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Scotland moves to restrict sale of e-cigarettes

The Scottish government intends to regulate the sale of e-cigarettes and restrict their advertising as part of proposals outlined in the Health (Tobacco, Nicotine etc and Care) (Scotland) Bill. In the image, a woman smokes an e-cigarette

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Under new proposals, retailers in Scotland will be banned from selling e-cigarettes to under-18s and it will become an offence if an adult buys them for a minor

The Scottish government intends to regulate the sale of e-cigarettes and restrict their advertising as part of proposals outlined in the Health (Tobacco, Nicotine etc and Care) (Scotland) Bill published on 5 June 2015 and which is due to become law later this year.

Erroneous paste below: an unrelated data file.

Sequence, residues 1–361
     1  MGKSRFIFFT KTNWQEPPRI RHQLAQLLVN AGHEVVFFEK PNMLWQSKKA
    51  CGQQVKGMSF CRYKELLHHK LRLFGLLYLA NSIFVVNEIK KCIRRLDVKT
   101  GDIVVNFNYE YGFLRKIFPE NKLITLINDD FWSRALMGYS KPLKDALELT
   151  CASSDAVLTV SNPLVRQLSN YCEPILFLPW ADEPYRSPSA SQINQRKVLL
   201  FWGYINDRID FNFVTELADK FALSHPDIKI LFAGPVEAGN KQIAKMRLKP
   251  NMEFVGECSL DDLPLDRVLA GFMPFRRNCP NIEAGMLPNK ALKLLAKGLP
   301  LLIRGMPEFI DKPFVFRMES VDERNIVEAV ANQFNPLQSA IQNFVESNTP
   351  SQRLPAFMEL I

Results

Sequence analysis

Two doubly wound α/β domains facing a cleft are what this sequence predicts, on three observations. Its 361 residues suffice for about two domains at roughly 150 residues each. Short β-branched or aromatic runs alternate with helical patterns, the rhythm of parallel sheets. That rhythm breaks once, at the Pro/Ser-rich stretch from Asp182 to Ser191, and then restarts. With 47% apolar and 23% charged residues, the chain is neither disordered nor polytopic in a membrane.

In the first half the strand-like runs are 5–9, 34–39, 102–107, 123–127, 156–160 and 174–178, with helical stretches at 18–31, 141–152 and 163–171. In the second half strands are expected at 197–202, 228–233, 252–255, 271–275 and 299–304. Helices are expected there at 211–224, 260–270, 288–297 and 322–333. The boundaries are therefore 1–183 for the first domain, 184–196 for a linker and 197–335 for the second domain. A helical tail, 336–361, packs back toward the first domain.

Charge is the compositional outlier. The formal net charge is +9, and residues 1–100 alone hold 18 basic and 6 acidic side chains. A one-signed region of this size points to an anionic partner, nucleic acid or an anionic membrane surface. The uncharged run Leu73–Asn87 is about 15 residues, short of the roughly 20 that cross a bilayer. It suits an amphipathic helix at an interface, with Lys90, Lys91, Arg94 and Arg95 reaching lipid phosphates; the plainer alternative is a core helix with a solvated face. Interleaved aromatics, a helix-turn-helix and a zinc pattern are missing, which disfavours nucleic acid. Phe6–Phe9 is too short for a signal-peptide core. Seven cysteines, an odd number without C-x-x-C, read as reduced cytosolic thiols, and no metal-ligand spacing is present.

Retailers will be banned from selling e-cigarettes to under-18s and it will become an offence if an adult buys them for a minor. Retailers that sell the products will have to sign up to an official register.

The government also plans to make it a criminal offence to smoke on hospital grounds.

Anybody breaking the law could face a criminal prosecution and a penalty fine. Health boards currently only have the power to prohibit smoking within grounds.

The introduction of a statutory duty of candour is also contained in the Bill and will require all NHS organisations in Scotland to be open and transparent about any unintended harm to a patient.

“Our duty of candour proposals will put transparency at the heart of care, drive up standards, and help us to learn lessons from previous mistakes,” according to Scottish minister for health Maureen Watt, who introduced the Bill.

A new criminal offence of wilful neglect or ill treatment that will apply in cases where there has been intent to harm or ill-treat a patient, is also proposed.

Citation: The Pharmaceutical Journal DOI: 10.1211/PJ.2015.20068696

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